RC: I think it’s a waste of time not to come and spend a little bit of time here. It’s the harsh reality of it. I don’t know that anybody has to live here forever, but it’s where the money is. It isn’t in New York, and it’s a lot more in New York than it is in Maine. It’s just the ugly truth. Film’s a business, you know. You have to find people with money to pay for it. It’s the only art form where the artist can’t afford his or her own tools, and you can’t get around that. You’ve got to get the money, and the money’s in LA. Not just the money, but the people who make it their business to find projects, and put projects together, and the actors, and everybody.

MPS: What do you miss most about Maine?

RC: Family. Peace and quiet. I miss Orono, but even more than Orono I miss Pembroke, which is where my family spent the summers. My dad is a college professor, he’d have summers off, so we would spend virtually the whole summer in Pembroke at a little cottage on Cobscook Bay. Way up above the tourist zone, no electricity, no running water. I spent two months a year there, every year, and I really, really miss that. I think Maine completely spoiled me for relaxation. Unless I get someplace where there are absolutely no other people, I don’t feel like I’ve really relaxed.

MPS: Who are some of the filmmakers who have inspired you?

RC: One great thing about Orono, growing up there, was the university had great films. When I was in high school, I used to ride my bike up to the university almost every night and see Fellini films, Bergman films, and Bunuel, the European masters of the time. Those were the films that got me interested in filmmaking to begin with. When I went away to college, I knew I wanted to write and/or study film, and I ended up studying film. The film program at Wesleyan is incredible. I’m continually stunned at how many people I meet here, in the film business, who came out of Wesleyan. The films that inspired me the most I learned about there. And those filmmakers tend to be the people who worked in Hollywood in the ‘40s and ‘50s as mavericks within the Hollywood system… people who had the ability to work within the system and within the genres, but could really make their film their own. People like Sam Fuller, Nicholas Ray, Douglas Zerk… The real genius of Hollywood in its heyday was the way in which the writers and directors would find ways to put a lot of subtext into a film. It seems like Hollywood films now have no subtext. If you spend $100 million on a film you have to make sure everybody on the planet understands every single concept.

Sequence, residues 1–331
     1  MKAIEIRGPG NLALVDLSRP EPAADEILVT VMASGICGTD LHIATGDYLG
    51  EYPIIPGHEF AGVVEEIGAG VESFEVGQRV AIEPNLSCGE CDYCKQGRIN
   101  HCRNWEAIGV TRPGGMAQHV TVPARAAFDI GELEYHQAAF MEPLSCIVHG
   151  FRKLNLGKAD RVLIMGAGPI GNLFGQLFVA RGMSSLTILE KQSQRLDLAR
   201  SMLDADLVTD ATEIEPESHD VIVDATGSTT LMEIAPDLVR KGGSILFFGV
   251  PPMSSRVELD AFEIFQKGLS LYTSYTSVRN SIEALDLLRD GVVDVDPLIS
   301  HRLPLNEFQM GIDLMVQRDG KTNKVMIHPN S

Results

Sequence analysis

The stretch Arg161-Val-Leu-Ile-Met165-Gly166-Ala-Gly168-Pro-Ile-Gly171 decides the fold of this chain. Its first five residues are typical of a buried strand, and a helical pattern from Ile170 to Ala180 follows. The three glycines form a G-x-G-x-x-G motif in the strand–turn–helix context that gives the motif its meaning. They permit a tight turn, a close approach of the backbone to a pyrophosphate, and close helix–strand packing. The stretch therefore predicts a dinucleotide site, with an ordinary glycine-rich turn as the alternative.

MPS: Any new projects in the works?

RC: Dozens. There’s a detective story set in Maine, which I’ve been describing as Fargo meets The Big Sleep.

MPS: Cool!

RC: Yes. It’s called Snowball in Hell. It’s just in the script phase, but I’ve got a couple of producers already interested. And there’s a remake of Wuthering Heights, updated, called Brooklyn Heights, with a black Heathcliff.

MPS: Would you direct these yourself?

RC: I would definitely direct Snowball in Hell. It’s been a lifelong dream to get back to Maine and make a film in Maine, about Maine, my way. I don’t think I’ve ever seen it done even remotely right.

MPS: No. They always have fake accents.

RC: They just don’t work.

MPS: Okay, final question. My brother wants to know what your favorite flavor of ice cream is.

RC: Spam ripple.

MPS: Really? Wow. I guess that’s what LA does to you.

RC: No, I’m just joking. I really like peanut butter ice cream.

For more information, visit the Pants on Fire web site at

For more information, visit the Pants on Fire web site at